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State Department

Aired April 10, 2001 - 12:36   ET

THIS IS A RUSH TRANSCRIPT. THIS COPY MAY NOT BE IN ITS FINAL FORM AND MAY BE UPDATED.


THIS IS A RUSH TRANSCRIPT. THIS COPY MAY NOT BE IN ITS FINAL FORM AND MAY BE UPDATED.
ROGER COSSACK, CNN LEGAL ANALYST: Let's go to the State Department for it's daily briefing on the China controversy. Let's go there now to Richard Boucher.

(JOINED IN PROGRESS)

RICHARD BOUCHER, STATE DEPARTMENT SPOKESMAN: ... The secretary expressed his thanks for Mr. Jackson's concern, told him about the intensive diplomacy that's going on, and said we would continue to use that channel.

We certainly appreciate the interest of Mr. Jackson and other Americans about the welfare of the aircrew and their desire to help out, if that becomes appropriate at some time. But we are clearly using the diplomatic channels at this point, trying to work this out and see the return home of our aircrew.

QUESTION: Well, he says he's going, no matter what. He's just waiting for a visa from the Chinese. You don't think that it's appropriate for him to go at this time?

BOUCHER: No, I wouldn't say that. I guess the only question is sort of, at this point, do we intend to use him as some kind of special envoy or something? And the answer is no. We're going to pursue this in diplomatic channels.

Certainly, Americans who might decide to go, you know, private visits, I mean, we don't really have any issue with that.

People who are interested in knowing what we're saying, what we consider about this, we're happy to tell them where things stand, what we're doing.

QUESTION: So, Richard, you're not ruling out his intervention at some point, if need be?

BOUCHER: Well, I'm not ruling it in.

QUESTION: Though you're not saying to him, "Don't go. We discourage this sort of tack."

BOUCHER: I'm saying that there's no present plan; there's no plan to use Mr. Jackson as a mediator or special envoy on this issue. But we are pursuing this through diplomatic channels. That applies to others as well.

There's a lot of interest in the United States about this. There's a lot of interest by former officials or people in the private sector about the welfare of our aircrew. I'm sure all Americans are concerned and interested and are willing to do things, should that be necessary.

At this point, the path that we're pursuing is intensive diplomatic discussions through our embassy.

QUESTION: You were going to take a question, yesterday, then, about what the congressional delegations may have heard from the State Department?

BOUCHER: We have had conversations with various congressional delegations that were interested in or that were planning at some point to go to China.

Frankly, most of them have decided, I think, on their own, without our advice, not to go. We certainly, clearly understand their reasons not to go.

At this point, I think all that we knew about have decided to postpone their travel, so it doesn't arise again. Our advice has generally been to leave it up to them to decide, certainly tell them about the situation, tell them about our serious concerns about the situation.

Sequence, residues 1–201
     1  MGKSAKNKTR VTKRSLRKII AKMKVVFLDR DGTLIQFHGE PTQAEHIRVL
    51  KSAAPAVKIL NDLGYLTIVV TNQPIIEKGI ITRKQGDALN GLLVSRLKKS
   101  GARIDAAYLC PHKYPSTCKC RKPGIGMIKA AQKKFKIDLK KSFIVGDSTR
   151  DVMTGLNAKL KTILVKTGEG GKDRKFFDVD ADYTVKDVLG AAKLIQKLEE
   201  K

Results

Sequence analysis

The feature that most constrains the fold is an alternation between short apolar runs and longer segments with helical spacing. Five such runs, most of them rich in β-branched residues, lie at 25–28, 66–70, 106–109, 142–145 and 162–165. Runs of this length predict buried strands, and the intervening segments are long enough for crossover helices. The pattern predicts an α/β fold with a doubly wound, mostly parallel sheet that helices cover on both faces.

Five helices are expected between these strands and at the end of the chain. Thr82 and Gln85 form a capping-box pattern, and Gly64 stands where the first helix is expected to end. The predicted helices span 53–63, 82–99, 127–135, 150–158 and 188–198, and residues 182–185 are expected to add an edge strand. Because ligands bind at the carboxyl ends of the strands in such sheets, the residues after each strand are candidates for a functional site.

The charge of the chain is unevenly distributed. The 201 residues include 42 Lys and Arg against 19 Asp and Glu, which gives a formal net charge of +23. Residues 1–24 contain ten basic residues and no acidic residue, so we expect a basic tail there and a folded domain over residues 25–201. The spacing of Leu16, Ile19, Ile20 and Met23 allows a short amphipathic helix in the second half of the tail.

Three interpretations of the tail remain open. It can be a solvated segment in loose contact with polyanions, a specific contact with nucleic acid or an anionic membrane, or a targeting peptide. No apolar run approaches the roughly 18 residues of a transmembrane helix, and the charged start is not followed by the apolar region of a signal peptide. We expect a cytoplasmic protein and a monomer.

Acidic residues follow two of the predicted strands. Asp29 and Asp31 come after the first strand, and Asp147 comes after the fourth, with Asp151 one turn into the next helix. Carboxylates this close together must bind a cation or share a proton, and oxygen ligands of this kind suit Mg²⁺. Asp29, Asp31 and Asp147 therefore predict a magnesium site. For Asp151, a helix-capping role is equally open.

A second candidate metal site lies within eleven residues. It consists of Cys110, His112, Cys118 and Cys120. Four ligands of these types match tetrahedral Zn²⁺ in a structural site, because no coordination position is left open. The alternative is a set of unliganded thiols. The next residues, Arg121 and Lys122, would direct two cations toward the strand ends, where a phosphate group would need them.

QUESTION: So no one was asked not to go by this building?

BOUCHER: We haven't been telling people not to go. If people have been asking us what's our advice and recommendation, I think in most cases we've said, "It's up to you." But clearly, we understand concerns that people have and the reasons they might have not to go. I think, in some cases, we may have said, you know, we agree with those.

QUESTION: Richard, we're hearing that parts of this building have been told it's not really appropriate to go to parties at the Chinese Embassy, to engage in other social activities. And we also hear that sort of the same is true in Beijing. Can you shed any light on that?

BOUCHER: The issue of social activities, I think, comes down to a case-by-case situation. We had the instance yesterday of a large reception at the Chinese Embassy for the outgoing ambassador and the incoming ambassador. And the secretary made quite clear that he considered it inappropriate for U.S. officials to be attending that reception.

Certainly, our primary concern, our priority in all our activities, is our concern about the aircrew and the need for them to return home. The secretary made clear he thought it inappropriate for us to attend that reception.

We passed that word to other U.S. government agencies as well, so that other people would know that. Whether they're similar circumstances that arise in Beijing, I don't know. But, I think, clearly, that's our view of these sorts of events.

QUESTION: This is just on a case-by-case, party-by-party basis?

BOUCHER: Yes, it would come up on a case-by-case basis. I'm sure if, you know, there were social contacts that we might be able to use to advance the prospect of return of our aircrew, that we would probably do that.

QUESTION: Can you tell us the latest in these intensive diplomatic efforts? Have there been any new breakthroughs or setbacks?

BOUCHER: At this point, Ambassador Prueher hasn't had any new meetings in Beijing, during the course of the day on Tuesday. We have continued to have discussions with the Chinese at other levels. And in all our discussions, we have made quite clear that they priority for us is the return of our aircrew.

As the president said yesterday, it is now time for the people to come home so that we can avoid damage to the bilateral relationship. We are at a sensitive moment in our discussions. We're ready to talk to the Chinese whenever they are ready.